This show has something. It has, what is called in the business, legs. It also has actual legs, long and fabulous in the shape of two high-kicking, body-toned, diva drag queens, Owen Richard Farrow, (drag artist Divina de Campo in BBC’s All Together Now), playing Destiny and Jordan Simms as Phoenix. I could stop there, they can hold any stage on their own, both have supported Ru Paul’s Drag Race stars, but this show is so much more than that.
The Ruby Slippers first came to the attention of producer Bill Elms about two years ago when it was in workshop at the now defunct small Liverpool Lantern Theatre. It is an irony that is not lost on the show which stars a once successful drag club, The Ruby Slippers, that is also about to close. An offer of financial help comes from Laura, played by writer Emma Culshaw-Vaudrey an old school friend of the owner but is it too late? Elms joined the team at Break A Leg Productions and has worked with writers Emma Culshaw and David Paul to produce a thought provoking piece that raises more questions than it answers on the theme of true love from the perspective of a gay man whose object of desire feels he must follow his soul and transgender from male to female. The show also explores prejudice and bigotry inside and outside of the LGBT community as well as the value of friendship, family life and specifically a mother’s love and loss of her beloved son as he becomes a woman.
Recorded dance music plays before and during the performance which gives a lively buzz in a full house. The set designed by Gemma Hollywood works well in the space. It is open to the audience sitting in front at small round tables, club style with four rows of tiered seating behind in the one hundred and fifty seat studio. Sparkly red shoes made famous in The Wizard of Oz hang on the wall. A well-stocked bar displays photographs of Judy Garland as Dorothy and Elizabeth Taylor. A sadly flickering neon sign gives up the ghost as the club gets deeper into debt when customers and drag acts leave to frequent and perform at the brand-new club in town named Nine Inches. Stage left is a living area. Stage right is a small dressing-room area which spotlights Destiny and Phoenix as they prepare for their acts and put the world to rights in their own forthright way. We also see their vulnerability and humanity as the self-absorbed air-head Phoenix and worldly-wise Destiny, who by default are now the lead act, discuss their love lives and the fledgling but obvious relationship between club owner Raz, (James Rogerson), and bar-tender Ryan, (Kurtis Stacey).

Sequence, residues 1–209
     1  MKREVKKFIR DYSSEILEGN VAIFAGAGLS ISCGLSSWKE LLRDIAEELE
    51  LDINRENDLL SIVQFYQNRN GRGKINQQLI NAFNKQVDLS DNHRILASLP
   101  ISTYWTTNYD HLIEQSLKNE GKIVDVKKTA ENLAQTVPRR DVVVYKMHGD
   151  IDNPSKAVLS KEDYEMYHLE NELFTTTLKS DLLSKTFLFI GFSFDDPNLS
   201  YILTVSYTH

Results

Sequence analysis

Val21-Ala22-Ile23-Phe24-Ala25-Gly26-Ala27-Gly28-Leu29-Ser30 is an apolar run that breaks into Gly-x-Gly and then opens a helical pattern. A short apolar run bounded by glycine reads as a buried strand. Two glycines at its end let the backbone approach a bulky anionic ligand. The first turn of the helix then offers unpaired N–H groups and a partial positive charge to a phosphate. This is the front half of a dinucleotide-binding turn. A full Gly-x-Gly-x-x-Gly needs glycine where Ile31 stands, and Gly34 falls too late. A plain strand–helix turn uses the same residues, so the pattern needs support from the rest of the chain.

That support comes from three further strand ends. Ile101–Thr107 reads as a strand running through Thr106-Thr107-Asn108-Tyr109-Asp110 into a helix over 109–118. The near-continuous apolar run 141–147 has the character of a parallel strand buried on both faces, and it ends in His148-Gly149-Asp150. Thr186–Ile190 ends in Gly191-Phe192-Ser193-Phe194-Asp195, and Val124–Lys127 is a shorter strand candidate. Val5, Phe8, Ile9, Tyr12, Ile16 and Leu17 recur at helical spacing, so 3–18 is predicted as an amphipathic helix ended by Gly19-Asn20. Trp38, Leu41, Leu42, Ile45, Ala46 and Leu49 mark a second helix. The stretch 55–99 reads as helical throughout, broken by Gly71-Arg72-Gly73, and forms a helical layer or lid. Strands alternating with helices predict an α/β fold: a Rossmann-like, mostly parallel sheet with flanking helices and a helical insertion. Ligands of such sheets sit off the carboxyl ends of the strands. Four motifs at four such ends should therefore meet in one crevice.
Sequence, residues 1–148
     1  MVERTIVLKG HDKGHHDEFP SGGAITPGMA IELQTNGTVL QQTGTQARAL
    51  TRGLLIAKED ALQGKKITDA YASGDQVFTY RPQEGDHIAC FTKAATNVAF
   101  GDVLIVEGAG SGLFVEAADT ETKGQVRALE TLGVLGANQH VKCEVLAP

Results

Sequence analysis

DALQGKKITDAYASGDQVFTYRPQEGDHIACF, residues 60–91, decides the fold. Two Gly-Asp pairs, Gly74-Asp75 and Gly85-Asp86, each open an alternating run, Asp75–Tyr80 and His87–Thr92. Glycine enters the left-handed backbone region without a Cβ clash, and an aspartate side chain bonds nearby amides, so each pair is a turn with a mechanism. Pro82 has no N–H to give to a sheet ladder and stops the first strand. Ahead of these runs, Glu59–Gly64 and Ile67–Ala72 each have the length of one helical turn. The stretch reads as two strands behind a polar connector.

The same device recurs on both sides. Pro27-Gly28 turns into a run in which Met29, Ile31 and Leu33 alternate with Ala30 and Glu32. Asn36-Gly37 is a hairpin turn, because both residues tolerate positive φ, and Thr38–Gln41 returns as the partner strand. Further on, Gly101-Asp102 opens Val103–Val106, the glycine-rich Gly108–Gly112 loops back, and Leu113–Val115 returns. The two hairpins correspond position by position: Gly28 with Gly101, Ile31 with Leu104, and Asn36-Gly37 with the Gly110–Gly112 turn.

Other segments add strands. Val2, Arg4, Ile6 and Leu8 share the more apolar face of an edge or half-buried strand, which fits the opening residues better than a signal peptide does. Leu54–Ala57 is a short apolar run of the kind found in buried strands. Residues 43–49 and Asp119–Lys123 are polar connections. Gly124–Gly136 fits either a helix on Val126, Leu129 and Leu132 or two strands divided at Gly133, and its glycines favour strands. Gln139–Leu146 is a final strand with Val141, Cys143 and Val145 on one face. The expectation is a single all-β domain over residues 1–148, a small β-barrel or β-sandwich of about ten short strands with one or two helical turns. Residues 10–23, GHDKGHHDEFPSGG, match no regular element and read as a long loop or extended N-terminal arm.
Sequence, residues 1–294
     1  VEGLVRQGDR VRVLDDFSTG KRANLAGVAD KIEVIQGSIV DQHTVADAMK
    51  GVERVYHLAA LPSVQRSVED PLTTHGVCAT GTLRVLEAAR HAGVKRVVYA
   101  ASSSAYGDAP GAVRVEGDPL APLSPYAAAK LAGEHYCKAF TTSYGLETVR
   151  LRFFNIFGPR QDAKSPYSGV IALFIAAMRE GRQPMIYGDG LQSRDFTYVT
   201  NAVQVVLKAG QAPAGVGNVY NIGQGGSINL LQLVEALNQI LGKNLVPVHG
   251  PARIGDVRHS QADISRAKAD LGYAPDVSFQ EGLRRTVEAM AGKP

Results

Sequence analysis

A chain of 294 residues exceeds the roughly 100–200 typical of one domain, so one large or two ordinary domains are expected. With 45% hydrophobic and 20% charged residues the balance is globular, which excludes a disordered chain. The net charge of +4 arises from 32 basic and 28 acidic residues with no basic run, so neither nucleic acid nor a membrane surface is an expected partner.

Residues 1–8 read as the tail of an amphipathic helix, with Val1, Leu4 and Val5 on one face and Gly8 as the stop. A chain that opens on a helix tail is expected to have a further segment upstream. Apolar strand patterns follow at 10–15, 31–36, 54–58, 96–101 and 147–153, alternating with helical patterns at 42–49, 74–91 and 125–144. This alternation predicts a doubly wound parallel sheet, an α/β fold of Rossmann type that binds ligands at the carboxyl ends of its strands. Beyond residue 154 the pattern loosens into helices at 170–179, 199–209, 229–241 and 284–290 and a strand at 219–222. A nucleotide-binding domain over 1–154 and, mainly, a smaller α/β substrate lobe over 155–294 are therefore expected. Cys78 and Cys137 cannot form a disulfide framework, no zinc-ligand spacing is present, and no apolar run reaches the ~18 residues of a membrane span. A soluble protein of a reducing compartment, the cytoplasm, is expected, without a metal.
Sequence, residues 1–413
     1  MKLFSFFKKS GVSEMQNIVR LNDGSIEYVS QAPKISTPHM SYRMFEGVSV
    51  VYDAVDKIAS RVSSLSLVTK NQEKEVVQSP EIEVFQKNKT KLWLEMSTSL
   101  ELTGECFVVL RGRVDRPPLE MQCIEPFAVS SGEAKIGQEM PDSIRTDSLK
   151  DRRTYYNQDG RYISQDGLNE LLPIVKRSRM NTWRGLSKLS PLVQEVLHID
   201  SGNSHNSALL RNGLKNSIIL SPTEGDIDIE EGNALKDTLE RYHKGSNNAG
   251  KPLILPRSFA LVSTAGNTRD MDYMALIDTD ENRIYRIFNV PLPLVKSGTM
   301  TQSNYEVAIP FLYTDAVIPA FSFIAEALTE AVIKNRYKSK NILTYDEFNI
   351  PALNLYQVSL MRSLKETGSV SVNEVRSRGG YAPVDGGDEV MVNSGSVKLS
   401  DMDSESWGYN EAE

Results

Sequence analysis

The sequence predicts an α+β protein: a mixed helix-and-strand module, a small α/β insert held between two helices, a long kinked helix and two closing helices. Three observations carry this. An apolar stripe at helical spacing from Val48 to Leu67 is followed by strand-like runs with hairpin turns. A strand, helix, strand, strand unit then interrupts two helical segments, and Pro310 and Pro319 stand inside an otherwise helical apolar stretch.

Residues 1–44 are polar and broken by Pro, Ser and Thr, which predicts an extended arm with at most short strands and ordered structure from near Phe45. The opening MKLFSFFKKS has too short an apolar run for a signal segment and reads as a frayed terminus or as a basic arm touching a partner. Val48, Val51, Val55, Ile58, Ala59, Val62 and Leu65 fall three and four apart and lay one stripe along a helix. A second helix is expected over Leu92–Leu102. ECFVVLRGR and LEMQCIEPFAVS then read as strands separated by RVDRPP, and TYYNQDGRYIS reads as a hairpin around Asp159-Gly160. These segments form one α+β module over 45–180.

Ryan, however, has a secret that he has been trying to explain to Raz but keeps being interrupted. The build up to his disclosure takes a full half hour or so to reveal to the audience, through the character of Ryan’s devoted, free spirited, tarot-reading mother Helen, separated from his homophobic father. Debra Redcliffe gives a sensitive, heart rending performance that explores the issue of transgender with conflicting emotions. Stacey has an obvious stage presence that is displayed with anguish, humour and ease. He is on stage for most of the short first half of forty-five minutes. When he takes advice from Destiny to tell Raz of his sex change plans by text message the audience gasps in the collective knowledge that this is a very bad move. Raz’s reaction was therefore somewhat underwhelming when having song and danced his way through and even kissed Ryan, his energy dips as he enters waving a mobile phone and says, ‘well that’s it then’. Perhaps this is intentional, as I said, more questions than answers. Raz’s reaction as a confirmed gay man casts questions of true love versus sex and prejudice as he dismisses Ryan as a partner.
Ryan’s character is caring and likeable and I found myself missing him dreadfully in the second, hour long, half. When he finally reappears as Rachel pre-surgery but living as a woman it is a credit to the writers and direction by Craig Ryder that I found myself identifying wholeheartedly with both Helen and Raz. The show has some dark and dramatic moments and the ending felt a bit rushed, but it is overall a positive, uplifting, hilarious piece, liberally sprinkled with gay references, disco music and full costume drag numbers. Laura, friend and potential club saviour performs with Raz in an hilarious rendition of Dirty Dancing and there are many laugh-out-loud moments that sometimes took the cast by surprise. Thoroughly entertaining. There is exciting potential here and The Ruby Slippers deserves its spreading fame.
Reviewer - Barbara Sherlock
on - 25/7/18